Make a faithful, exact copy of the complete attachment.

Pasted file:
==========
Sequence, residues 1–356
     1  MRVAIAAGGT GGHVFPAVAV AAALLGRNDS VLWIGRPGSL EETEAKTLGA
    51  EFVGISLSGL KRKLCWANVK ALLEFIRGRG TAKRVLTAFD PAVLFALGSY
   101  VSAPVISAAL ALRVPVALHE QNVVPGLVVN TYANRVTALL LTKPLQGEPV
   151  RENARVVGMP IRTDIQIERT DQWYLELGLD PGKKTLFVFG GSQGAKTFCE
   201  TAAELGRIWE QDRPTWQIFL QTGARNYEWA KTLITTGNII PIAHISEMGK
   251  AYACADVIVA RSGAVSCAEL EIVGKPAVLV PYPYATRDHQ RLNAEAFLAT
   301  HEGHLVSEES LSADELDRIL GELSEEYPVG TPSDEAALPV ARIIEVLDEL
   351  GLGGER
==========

Sequence, residues 1–356
     1  MRVAIAAGGT GGHVFPAVAV AAALLGRNDS VLWIGRPGSL EETEAKTLGA
    51  EFVGISLSGL KRKLCWANVK ALLEFIRGRG TAKRVLTAFD PAVLFALGSY
   101  VSAPVISAAL ALRVPVALHE QNVVPGLVVN TYANRVTALL LTKPLQGEPV
   151  RENARVVGMP IRTDIQIERT DQWYLELGLD PGKKTLFVFG GSQGAKTFCE
   201  TAAELGRIWE QDRPTWQIFL QTGARNYEWA KTLITTGNII PIAHISEMGK
   251  AYACADVIVA RSGAVSCAEL EIVGKPAVLV PYPYATRDHQ RLNAEAFLAT
   301  HEGHLVSEES LSADELDRIL GELSEEYPVG TPSDEAALPV ARIIEVLDEL
   351  GLGGER